“Even with higher interest rates, it comes down to what price offshore parties are prepared to invest at. Often they’re coming from jurisdictions which have a much lower cost of capital so they have a slightly different view on value compared to domestic investors,” he says.
Warwick Searle, national forestry director at real estate organisation Colliers, is not surprised so many foreign deals have been in his sector in the past year.
“New Zealand is seen as a good, safe economy and forestry as an asset class is one that parties from overseas can invest in without having to do the physical inspection,” he says.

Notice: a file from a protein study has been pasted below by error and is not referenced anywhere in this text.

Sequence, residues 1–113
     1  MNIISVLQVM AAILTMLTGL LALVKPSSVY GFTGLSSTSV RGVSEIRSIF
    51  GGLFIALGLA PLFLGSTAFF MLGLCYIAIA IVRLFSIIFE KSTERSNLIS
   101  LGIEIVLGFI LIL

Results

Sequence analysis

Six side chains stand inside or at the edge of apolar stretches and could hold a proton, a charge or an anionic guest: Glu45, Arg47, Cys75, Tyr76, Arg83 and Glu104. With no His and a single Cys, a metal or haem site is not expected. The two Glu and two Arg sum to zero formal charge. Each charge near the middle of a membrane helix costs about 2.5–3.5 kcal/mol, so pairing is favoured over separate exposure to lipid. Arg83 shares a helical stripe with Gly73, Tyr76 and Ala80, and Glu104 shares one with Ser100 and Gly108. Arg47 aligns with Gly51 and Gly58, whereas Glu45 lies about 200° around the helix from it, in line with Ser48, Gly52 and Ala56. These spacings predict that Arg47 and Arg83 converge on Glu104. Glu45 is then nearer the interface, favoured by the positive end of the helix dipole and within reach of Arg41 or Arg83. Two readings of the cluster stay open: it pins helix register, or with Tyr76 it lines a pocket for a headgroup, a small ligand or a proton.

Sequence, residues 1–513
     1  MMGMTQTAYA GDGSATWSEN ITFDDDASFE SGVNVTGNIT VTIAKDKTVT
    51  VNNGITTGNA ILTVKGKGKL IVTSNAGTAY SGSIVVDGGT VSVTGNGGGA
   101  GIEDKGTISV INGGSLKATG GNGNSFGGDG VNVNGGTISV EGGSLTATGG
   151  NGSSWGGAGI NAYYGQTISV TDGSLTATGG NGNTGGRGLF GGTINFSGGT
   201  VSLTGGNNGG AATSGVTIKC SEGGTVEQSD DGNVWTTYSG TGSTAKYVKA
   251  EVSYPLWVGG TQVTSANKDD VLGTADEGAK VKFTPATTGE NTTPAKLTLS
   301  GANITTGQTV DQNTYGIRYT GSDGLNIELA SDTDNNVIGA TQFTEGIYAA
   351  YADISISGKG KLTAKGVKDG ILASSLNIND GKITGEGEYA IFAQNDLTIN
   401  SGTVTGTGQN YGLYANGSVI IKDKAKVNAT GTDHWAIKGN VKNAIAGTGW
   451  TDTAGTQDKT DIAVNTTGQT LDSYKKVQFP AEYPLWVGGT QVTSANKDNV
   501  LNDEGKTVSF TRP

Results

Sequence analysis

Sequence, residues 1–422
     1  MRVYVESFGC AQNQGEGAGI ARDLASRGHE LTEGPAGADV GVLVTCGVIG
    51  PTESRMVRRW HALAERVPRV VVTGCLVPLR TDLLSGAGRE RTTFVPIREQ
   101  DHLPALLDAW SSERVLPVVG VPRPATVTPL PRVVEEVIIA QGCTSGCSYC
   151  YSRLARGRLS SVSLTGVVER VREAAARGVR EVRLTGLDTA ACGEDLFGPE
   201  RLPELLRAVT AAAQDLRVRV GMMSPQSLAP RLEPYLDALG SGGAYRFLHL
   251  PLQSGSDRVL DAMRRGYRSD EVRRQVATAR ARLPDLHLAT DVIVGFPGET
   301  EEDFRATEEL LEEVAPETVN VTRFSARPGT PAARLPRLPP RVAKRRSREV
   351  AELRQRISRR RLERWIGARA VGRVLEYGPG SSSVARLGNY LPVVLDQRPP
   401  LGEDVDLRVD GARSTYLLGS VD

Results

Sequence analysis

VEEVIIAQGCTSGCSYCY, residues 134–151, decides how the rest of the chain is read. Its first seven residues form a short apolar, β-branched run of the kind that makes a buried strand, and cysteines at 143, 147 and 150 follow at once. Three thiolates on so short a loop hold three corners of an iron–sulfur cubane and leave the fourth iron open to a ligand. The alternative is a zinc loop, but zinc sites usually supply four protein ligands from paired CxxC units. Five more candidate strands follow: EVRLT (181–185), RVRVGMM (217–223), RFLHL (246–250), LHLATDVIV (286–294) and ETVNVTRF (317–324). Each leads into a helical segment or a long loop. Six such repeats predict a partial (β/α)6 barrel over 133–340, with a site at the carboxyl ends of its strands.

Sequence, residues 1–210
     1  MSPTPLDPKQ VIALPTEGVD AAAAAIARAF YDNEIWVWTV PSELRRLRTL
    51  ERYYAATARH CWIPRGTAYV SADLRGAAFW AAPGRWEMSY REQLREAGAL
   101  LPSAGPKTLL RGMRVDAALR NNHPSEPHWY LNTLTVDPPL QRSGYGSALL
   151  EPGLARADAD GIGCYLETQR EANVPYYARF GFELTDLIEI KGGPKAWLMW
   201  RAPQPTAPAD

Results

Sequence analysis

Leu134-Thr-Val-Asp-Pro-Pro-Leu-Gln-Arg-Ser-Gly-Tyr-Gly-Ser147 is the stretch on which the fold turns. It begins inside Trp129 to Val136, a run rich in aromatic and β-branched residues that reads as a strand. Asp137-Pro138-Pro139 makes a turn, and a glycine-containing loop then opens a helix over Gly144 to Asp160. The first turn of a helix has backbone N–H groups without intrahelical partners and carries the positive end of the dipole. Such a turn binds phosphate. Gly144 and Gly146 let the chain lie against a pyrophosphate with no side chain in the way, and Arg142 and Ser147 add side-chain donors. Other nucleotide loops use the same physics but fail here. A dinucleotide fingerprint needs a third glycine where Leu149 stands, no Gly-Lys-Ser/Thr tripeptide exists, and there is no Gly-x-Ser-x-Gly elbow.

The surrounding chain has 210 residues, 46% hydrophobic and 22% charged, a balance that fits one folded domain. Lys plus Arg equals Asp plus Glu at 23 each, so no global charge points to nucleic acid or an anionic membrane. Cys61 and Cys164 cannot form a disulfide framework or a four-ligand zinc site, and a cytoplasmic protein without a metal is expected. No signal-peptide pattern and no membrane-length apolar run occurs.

But it’s also quite a capital-intensive form of business.
“From a New Zealand perspective, not that many investors here have the capital required to put into forestry, so naturally, the assets do tend to fall to overseas buyers. You see a skew in the overseas stats towards foreign parties buying forestry rather than selling to New Zealanders. It’s due to capital constraints on New Zealand businesses.”
And they’re not buying for carbon sinks either, he says.
“Most of the buyers are ultimately looking to get the fibre out by harvesting the trees, not using the assets as carbon sinks. A lot of the buyers are environmentally minded and they don’t see permanent carbon sinks as fitting in their investment model,” Searle says.
The largest forestry deal he’s done in the past year was last spring – a 5000ha sale in Southland which went from a New Zealand business to a European timber fund.